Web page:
Policing: Key Readings
Edited by Tim Newburn
Cullompton, Devon, UK: Willan Publishing, 2005
The substantive area of policing has seen an incredible growth in the scope and depth of research in the last thirty years or so. As a result, the theoretical sophistication that has developed can leave interested students and academics floundering in the archives. Policing: Key Readings is a compendium of previously published articles and excerpts from books which forms one respected academic’s version of the essential readings in the discipline. This collection is comprehensive not only substantively but also geographically and temporally. The editor states that “the basis for this volume is the view that there now exists a body of work that constitutes the core of policing studies – the canon if you like – that students the world over are directed to read” (ix). This is quite a strong assertion for the beginning of an edited collection; however, having reviewed this 812 page book I do believe this collection contains valuable articles that should be read by anyone interested in understanding the police. This collection of readings includes work by the “greats” in the discipline as well as the work of talented researchers from the last ten years who work on the policing systems in the U.S.A., the U.K., Canada, and Australia. Further, although I have conducted research in this area for several years, this compilation contains some gems that I had previously overlooked (e.g. Bittner’s (1990) “Florence Nightingale in Pursuit of Willie Sutton).
The readings flow logically and are organized thematically in such a way that authors in earlier chapters are referred to and their work is built on in later chapters. Although it is not possible to comment in detail on all 45 chapters in this book, brief summaries of each section and mention of intriguing chapters may be of use to potential readers. The 45 chapters in this book are organized into six thematic sections. Part A – The Emergence and Development of the Police – contains eight chapters which cover the history and development of various police and governance models in the U.K. (e.g., bobbies), Canada (e.g., R.C.M.P.), the U.S. (e.g., New York City police), and colonial countries where the British model was employed (e.g. Hong Kong police).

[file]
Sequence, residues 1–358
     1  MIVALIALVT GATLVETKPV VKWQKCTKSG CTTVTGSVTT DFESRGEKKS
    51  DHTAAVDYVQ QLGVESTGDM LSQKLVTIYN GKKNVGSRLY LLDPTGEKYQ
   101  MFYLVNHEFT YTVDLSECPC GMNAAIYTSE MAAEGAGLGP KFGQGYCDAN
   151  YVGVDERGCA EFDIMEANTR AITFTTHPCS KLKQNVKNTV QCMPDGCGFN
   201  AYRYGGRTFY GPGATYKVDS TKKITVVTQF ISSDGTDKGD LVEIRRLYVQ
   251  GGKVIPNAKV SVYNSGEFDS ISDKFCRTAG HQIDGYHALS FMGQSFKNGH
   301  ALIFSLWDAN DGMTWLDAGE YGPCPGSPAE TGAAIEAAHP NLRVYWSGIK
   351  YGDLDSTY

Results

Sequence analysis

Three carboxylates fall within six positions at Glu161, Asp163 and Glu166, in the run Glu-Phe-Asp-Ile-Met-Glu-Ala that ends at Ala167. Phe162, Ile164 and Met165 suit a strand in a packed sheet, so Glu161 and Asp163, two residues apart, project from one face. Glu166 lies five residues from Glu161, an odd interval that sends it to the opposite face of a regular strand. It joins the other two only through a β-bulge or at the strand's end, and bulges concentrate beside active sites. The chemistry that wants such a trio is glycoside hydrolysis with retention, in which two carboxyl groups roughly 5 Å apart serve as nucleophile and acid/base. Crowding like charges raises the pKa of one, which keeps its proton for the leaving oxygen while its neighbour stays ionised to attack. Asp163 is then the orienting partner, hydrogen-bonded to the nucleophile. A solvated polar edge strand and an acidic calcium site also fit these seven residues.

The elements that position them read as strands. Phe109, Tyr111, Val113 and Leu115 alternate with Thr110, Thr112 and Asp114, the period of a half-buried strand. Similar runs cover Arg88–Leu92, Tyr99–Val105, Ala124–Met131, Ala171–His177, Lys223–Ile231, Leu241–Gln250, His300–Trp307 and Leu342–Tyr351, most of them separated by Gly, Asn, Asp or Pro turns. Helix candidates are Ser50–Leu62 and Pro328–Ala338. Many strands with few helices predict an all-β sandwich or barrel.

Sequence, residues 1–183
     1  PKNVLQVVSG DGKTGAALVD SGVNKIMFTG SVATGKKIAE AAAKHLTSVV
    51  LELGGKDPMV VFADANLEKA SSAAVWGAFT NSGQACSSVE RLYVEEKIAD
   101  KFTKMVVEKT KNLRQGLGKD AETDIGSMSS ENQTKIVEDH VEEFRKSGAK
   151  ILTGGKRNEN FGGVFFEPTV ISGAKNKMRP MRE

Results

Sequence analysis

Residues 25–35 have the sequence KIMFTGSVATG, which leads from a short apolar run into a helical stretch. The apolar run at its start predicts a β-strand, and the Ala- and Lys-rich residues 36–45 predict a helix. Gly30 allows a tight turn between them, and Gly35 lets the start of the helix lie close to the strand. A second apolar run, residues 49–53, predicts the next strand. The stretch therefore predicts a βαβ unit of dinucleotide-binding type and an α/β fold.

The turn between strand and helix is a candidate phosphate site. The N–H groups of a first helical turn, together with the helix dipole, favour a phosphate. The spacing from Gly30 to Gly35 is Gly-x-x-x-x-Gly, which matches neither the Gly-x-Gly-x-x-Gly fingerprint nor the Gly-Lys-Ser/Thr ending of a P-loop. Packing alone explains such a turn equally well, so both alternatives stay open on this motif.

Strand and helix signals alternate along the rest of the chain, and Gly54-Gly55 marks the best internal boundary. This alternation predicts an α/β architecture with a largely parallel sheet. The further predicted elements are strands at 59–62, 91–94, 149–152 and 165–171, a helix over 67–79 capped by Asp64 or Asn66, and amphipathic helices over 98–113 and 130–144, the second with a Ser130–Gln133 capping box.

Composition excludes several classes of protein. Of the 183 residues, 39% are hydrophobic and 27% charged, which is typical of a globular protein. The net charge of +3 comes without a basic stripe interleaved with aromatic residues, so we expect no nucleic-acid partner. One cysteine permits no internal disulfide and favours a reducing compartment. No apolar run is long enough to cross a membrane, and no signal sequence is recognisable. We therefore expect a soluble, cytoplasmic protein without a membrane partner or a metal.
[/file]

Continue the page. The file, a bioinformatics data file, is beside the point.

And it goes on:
Part B – The Role and Function of the Police – includes eight chapters which focus on the intricate balance over time regarding ‘what the police actually do’ and the roles of crime fighting, order maintenance, and other forms of service. Several chapters in this section are what I refer to as the foundational concepts in the study of formal social control. For example, David Bayley (ch. 11) provides empirical time use data from the U.S.A., Canada, England and Wales, Australia, and Japan suggesting, as many others in this section do, that the police are peace officers and not law enforcers (chs. 9, 10, 12, and 15). Egon Bittner (ch. 12) reinforces this notion with his argument that the role and mandate of the police cannot be reduced to law enforcement. Peter Manning (ch. 14) summarizes this eloquently by stating that “they have been assigned the task of crime prevention, crime detection and the apprehension of criminals […] the police have staked out a vast and unmanageable social domain” (191). Finally, Richard Ericson (ch. 15) reminds the reader that the police use formal social control (i.e. police discretion) to reproduce a sense of order which may or may not involve the arrest and charging of an individual. The themes raised in this section provide the conceptual framework for the remainder of this collection.